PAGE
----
"There was no time for experimentation or doodling around with new ideas from either the engineers or from us in design," recalled Chevy designer Claire MacKichan about creating the Chevrolet Chevy II. "And it had to be a basic-type car."
"I think that was the quickest program we ever did at any time," she continued. "We worked night and day on that car, and it didn't take very long to run it through our shop because we had a deadline."
And that's what made the Chevy II one of the fastest new-car development programs in GM history -- just 18 months after the designers got the green light, the first production Chevy II rolled off the Willow Run, Michigan, assembly line in August 1961, in time for its September 29 introduction.
Unlike the Corvair, the 1962 Chevy II was deliberately never intended to be revolutionary in concept or execution; its mission was to give Chevy buyers a simple, back-to-the-basics compact car. When he announced the Chevy II to the press, Chevrolet General Manager Ed Cole described the car as offering "maximum functionalism with thrift."
There was a lot of debate within the Chevrolet organization over just what to call this new car, and the decision to go with "Chevy II" was a very late one. Among the finalists was Nova. It lost out because it didn't start with a "C," but was selected as the name for the top-of-the-line series. Ultimately, of course, the Nova badge would replace Chevy II -- but that wouldn't happen until the turn of the decade.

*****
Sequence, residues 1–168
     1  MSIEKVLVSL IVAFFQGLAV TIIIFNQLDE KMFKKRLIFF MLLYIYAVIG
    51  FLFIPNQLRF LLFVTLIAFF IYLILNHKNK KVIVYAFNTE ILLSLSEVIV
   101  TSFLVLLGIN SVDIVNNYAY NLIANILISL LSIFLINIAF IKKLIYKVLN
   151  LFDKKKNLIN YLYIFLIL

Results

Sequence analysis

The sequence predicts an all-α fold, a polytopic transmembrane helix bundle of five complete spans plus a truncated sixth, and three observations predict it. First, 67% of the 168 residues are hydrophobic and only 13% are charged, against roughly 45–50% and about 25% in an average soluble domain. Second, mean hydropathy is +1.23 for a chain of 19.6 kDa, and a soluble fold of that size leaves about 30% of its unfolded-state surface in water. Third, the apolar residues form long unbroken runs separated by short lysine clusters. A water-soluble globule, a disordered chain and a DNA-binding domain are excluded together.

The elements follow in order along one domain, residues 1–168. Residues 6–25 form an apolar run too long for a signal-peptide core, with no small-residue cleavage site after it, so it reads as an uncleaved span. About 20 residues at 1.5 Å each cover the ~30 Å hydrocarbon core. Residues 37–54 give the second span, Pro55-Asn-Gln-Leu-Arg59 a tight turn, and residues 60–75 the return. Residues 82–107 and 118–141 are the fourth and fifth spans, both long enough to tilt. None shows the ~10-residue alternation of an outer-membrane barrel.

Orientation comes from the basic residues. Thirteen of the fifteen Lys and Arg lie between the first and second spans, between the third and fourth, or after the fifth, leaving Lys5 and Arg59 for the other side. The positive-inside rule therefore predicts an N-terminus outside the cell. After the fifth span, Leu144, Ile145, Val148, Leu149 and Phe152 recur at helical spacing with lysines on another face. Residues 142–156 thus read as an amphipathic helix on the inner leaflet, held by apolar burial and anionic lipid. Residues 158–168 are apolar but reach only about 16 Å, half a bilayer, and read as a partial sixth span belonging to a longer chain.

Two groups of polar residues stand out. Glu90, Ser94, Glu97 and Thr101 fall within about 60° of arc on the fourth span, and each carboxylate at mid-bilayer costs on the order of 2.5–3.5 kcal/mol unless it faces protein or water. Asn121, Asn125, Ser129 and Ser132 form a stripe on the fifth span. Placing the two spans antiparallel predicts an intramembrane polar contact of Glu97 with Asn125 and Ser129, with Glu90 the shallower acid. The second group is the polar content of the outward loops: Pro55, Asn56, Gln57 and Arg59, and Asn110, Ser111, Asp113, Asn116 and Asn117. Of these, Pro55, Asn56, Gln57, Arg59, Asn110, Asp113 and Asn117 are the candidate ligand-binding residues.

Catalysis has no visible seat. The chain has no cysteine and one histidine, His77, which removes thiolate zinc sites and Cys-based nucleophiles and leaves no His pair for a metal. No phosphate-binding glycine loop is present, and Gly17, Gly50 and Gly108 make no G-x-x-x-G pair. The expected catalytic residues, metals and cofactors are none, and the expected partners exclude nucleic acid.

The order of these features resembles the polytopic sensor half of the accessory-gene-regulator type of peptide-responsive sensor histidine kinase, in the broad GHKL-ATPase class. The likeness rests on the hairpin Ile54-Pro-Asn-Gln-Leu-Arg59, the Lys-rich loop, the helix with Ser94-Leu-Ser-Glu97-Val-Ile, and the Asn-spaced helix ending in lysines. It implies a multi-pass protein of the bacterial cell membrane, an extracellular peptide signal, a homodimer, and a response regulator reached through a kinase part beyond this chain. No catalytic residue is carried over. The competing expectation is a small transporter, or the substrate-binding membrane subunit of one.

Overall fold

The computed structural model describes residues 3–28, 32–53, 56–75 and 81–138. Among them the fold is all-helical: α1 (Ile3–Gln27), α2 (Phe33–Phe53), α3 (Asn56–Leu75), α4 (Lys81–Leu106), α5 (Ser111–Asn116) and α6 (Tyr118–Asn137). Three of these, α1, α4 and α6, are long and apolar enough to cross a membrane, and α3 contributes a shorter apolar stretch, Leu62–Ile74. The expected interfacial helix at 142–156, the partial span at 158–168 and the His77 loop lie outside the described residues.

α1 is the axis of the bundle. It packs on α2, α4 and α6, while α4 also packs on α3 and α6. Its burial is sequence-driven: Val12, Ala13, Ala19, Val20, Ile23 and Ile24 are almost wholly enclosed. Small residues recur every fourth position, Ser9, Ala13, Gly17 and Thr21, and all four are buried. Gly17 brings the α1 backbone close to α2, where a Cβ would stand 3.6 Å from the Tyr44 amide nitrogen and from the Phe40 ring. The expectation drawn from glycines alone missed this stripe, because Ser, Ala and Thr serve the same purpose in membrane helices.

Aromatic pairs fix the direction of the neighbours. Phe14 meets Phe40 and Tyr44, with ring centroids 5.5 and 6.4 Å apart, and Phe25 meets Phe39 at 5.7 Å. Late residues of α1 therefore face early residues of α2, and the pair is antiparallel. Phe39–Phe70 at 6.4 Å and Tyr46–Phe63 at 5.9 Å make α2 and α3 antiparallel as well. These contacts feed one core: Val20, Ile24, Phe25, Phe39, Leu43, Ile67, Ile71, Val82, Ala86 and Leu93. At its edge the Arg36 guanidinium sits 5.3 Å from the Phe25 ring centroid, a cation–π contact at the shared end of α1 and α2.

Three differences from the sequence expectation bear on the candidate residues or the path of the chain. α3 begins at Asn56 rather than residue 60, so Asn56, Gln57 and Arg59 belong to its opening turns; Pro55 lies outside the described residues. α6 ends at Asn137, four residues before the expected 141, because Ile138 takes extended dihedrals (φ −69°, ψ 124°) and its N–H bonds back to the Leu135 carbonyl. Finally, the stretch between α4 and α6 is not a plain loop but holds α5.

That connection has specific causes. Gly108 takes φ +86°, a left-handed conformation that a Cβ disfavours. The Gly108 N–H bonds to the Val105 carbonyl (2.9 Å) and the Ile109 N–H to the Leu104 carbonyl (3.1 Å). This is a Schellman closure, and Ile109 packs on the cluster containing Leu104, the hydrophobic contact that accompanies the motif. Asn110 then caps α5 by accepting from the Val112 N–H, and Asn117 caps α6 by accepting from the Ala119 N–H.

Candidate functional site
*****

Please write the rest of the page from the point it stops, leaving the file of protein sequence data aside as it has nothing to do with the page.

In almost every way, the creators of the Chevy II used Falcon as a benchmark. The 1962 model range included sedans and wagons, just like Falcon, as well as a two-door hardtop and a convertible, which Falcon didn't yet have.
Wheelbase was 110 inches, overall length 183 inches, and overall width 70.8 inches, all just fractionally larger than Falcon dimensions. As expected, interior measurements more than equalled Falcon, with seating for up to six. Trunk space, an area where the Corvair really suffered, was an impressive 25.5 cubic feet in the Chevy II.
Styling was crisp and attractive, with a functional three-box shape that contributed to space efficiency. The pleasing lines generally followed the pattern of the full-size Chevrolet, and in fact predicted the overall theme of the 1963 Impala.
Continue to the next page for more details on the 1962 Chevrolet Chevy II.
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